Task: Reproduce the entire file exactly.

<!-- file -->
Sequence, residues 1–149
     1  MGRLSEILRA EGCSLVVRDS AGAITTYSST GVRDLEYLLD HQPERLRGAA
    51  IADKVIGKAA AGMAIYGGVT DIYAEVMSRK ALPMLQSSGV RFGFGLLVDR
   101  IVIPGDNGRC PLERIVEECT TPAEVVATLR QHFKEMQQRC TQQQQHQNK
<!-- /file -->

Sequence, residues 1–149
     1  MGRLSEILRA EGCSLVVRDS AGAITTYSST GVRDLEYLLD HQPERLRGAA
    51  IADKVIGKAA AGMAIYGGVT DIYAEVMSRK ALPMLQSSGV RFGFGLLVDR
   101  IVIPGDNGRC PLERIVEECT TPAEVVATLR QHFKEMQQRC TQQQQHQNK